What is a wetland? +
Answer:Generally speaking, wetlands are areas in the landscape where water is normally at or within 12 inches of the surface for at least 14 consecutive days during the growing season. This means tat wetlands are not wet all the time. They are, however, wet long enough to establish wetland vegetation and soil characteristics. For regulatory purposes, wetland professionals (a.k.a. "wetland delineators") use the 1987 U.S. Army Corps of Engineers Wetland Delineation Manual and Regional Supplements to delineate (i.e., identify) wetland boundaries.
While there are multiple ways to describe wetlands, WCA classifies eight different wetland types. Most people recognize wetlands with cattails and lily pads, but some wetland types are not as obvious, including seasonal wetlands and forested wetlands. Please see: Wetland plants and plant communities of Minnesota and Wisconsin - Technical Reports
Other Wetland Classification Systems Include:
• Eggers and Reed
Wetlands offer many benefits, including:
• Water quality, including filtering pollutants out of surface water and groundwater, using nutrients that would otherwise pollute public waters, trapping sediments, protecting shoreline, and recharging groundwater supplies;
• Floodwater and storm water retention, including reducing the potential for flooding in the watershed;
• Public recreation and education, including hunting and fishing areas, wildlife viewing areas, and nature areas;
• Commercial benefits, including wild rice and cranberry growing areas and aquaculture areas;
• Fish and wildlife benefits; and
• Low-flow augmentation during times of drought.
How do I know if I have wetland on my property? +
Answer: Experts, such as private consultants, delineate wetlands by applying methods developed by the Army Corps of Engineers, which include an assessment of soils, hydrology, and vegetation. Official wetland boundaries must be approved by your Local Government Unit and the Army Corp of Engineers. If you live in a newer neighborhood, contact your city to determine is wetlands have already been officially delineated as part of your subdivision. Examples of wetland types.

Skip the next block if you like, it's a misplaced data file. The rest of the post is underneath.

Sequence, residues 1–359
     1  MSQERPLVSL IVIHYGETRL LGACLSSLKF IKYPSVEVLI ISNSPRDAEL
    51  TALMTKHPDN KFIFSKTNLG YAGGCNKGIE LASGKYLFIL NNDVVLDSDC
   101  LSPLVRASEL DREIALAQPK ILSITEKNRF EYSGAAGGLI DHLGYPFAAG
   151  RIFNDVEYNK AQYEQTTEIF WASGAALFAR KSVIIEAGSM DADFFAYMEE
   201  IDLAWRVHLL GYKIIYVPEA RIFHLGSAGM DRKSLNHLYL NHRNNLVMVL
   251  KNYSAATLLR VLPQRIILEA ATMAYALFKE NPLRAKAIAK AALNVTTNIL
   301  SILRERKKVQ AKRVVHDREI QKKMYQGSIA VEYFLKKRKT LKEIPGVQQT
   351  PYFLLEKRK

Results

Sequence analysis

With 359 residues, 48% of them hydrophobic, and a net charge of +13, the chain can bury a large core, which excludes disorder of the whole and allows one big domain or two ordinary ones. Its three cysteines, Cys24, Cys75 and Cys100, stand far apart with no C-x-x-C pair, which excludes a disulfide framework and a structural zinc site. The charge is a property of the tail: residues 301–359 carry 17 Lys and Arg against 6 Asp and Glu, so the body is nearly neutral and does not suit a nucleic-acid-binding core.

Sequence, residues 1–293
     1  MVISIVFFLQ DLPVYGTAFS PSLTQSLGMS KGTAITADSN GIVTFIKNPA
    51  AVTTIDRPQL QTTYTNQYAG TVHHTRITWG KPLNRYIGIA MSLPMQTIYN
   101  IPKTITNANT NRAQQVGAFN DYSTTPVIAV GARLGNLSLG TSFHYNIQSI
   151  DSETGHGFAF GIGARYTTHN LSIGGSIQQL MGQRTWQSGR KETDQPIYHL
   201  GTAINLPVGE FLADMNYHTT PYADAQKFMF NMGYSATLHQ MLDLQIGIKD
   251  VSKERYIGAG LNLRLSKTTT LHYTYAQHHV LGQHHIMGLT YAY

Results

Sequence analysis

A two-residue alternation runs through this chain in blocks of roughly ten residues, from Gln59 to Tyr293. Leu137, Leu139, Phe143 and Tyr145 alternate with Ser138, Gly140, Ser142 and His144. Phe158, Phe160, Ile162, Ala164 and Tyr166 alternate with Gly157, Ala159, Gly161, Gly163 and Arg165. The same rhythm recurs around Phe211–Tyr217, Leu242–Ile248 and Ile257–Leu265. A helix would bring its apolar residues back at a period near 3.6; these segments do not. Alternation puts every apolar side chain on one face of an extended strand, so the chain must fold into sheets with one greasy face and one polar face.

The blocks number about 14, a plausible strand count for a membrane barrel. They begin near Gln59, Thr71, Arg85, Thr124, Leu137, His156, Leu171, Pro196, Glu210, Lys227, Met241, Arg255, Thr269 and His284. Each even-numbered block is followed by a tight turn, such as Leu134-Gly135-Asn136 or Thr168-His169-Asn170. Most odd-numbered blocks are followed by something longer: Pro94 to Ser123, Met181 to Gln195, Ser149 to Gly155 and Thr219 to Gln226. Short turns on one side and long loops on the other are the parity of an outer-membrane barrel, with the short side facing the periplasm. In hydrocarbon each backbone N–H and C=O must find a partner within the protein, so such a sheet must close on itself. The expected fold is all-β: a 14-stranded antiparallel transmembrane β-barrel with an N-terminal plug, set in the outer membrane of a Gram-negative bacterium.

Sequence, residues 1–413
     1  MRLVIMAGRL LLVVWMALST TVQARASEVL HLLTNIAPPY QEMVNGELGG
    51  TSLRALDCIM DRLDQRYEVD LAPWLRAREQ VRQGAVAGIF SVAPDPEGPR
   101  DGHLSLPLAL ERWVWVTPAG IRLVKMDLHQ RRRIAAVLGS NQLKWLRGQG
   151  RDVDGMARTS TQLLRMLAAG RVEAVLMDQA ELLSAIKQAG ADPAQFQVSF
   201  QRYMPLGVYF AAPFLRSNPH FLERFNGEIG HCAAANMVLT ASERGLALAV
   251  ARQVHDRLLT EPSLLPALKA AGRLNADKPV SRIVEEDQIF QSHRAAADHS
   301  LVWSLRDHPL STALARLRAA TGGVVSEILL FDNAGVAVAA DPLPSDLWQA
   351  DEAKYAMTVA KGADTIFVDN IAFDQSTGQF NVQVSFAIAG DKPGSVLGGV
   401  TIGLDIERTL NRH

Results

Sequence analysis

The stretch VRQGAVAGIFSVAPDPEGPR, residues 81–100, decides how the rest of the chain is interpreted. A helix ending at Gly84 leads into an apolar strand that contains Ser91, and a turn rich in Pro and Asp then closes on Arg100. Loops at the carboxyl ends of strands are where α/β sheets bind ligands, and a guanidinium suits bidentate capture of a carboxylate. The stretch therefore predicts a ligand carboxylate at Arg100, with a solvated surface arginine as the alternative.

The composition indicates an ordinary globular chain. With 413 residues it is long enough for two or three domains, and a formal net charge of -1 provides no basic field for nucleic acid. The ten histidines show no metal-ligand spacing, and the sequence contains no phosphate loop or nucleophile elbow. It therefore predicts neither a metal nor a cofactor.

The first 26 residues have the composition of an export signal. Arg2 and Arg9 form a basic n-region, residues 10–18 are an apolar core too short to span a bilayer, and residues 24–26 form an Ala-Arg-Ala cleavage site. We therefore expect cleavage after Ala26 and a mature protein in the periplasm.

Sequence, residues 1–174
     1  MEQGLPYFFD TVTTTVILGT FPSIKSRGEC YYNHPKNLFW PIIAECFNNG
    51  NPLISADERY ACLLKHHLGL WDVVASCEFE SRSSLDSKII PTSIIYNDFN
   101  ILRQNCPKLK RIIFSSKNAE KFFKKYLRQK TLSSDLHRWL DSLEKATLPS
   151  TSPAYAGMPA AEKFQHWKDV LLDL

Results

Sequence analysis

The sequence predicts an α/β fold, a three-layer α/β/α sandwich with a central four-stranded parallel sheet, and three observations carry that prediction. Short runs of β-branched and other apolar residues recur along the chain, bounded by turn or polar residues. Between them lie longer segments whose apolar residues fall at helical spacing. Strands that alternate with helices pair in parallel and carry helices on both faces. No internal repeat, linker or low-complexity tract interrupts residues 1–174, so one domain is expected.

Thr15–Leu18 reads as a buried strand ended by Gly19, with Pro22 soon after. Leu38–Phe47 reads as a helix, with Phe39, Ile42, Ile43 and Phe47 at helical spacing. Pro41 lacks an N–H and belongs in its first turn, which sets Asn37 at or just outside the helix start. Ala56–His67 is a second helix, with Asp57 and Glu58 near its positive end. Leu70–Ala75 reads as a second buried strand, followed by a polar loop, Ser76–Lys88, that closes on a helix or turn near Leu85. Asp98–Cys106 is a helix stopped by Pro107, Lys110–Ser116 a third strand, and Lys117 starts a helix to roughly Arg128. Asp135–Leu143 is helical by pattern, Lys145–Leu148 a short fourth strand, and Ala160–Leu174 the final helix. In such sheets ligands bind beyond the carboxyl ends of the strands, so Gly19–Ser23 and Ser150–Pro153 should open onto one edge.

May I fill the low area in my yard? +
Answer: If the “low area” meets the scientific criteria for a wetland, then you likely need multiple regulatory approvals prior to starting the activity. Filling a wetland area without prior approval can lead to enforcement procedures that require landowners to restore the wetland to its pre-altered condition.
Do I need a permit to dig out my wetland? +
Answer: Probably. The Wetland Conservation Act regulates excavation in Type 3, 4 or 5 wetlands and in all wetlands if it results in filling, draining, or conversion to non-wetland. Other jurisdictions including cities, watershed districts, and the U.S. Corps of Engineers also regulate wetland excavation.
My wetland went dry this summer. May I dig my wetland deeper to get the water back? +
Answer: The water levels in Anoka County wetlands are usually a reflection of ground water, which varies seasonally. Deeper excavation will not get water back into the wetland. Only precipitation will recharge the groundwater and increase water levels in your wetland. Excavation in certain wetland types is regulated
May I remove the cattails that have taken into my pond? +
Answer: It depends on the regulatory authority and the method of vegetative management. Removal of aquatic vegetation, including cattails, within DNR public waters requires an aquatic plant management permit for the DNR. For WCA regulated wetlands, contact your WCA Local Government Unit.
May I make trails in my wetlands? +
Answer: Grubbing woody vegetation, grading, and placing material in a wetland (e.g., gravel, sand, woodchips, etc.) are all regulated by WCA. For wetlands that are not DNR public waters, cutting or mowing wetland vegetation may be allowed so long as it does not impact the quality of the wetland or change the structure of the wetland.
What is a wetland bank? +
Answer: Wetland banks are established when landowners voluntarily restore wetlands and deposit the wetland credit in a state wetland bank. Wetland credits are sold to landowners that are required to mitigate for wetland impacts that have been approved by wetland regulatory agencies. While exact price is a negotiation between the buyer and the seller, metro-area credits can be worth a lot of money. If you are interested in establishing a wetland bank in Anoka County, please contact the Anoka Conservation District. More information on wetland banking.
Who is qualified to review my property for wetlands? +
Answer: Wetland delineations are typically conducted by private consultants that are hired by the landowner. For small projects that need a local building permit, the Anoka Conservation District, may be able to conduct a preliminary review of your property to identify if a wetland delineation is needed.